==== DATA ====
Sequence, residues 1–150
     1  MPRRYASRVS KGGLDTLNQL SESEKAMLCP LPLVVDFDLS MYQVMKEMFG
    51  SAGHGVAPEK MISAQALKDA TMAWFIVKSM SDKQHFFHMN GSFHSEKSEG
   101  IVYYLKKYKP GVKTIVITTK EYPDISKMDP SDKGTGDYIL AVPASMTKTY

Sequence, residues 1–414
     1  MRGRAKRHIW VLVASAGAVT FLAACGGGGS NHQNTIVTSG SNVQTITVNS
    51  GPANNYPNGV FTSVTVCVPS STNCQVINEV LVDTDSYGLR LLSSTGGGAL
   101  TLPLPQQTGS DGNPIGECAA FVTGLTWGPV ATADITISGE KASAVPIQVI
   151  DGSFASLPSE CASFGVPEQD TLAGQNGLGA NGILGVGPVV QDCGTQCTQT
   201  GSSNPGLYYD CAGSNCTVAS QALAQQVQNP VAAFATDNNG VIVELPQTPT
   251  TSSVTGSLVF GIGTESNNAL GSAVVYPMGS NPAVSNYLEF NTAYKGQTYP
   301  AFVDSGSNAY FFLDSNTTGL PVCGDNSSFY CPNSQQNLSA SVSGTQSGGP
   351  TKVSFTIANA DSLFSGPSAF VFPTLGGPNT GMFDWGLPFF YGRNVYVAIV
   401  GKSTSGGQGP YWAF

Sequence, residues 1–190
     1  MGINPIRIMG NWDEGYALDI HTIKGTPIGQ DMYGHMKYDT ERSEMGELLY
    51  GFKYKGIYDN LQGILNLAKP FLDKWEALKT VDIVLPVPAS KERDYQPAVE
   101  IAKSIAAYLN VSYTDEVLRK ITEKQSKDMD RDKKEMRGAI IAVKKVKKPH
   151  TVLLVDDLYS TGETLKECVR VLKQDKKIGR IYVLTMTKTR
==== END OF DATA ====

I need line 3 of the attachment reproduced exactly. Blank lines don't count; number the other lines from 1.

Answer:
    51  SAGHGVAPEK MISAQALKDA TMAWFIVKSM SDKQHFFHMN GSFHSEKSEG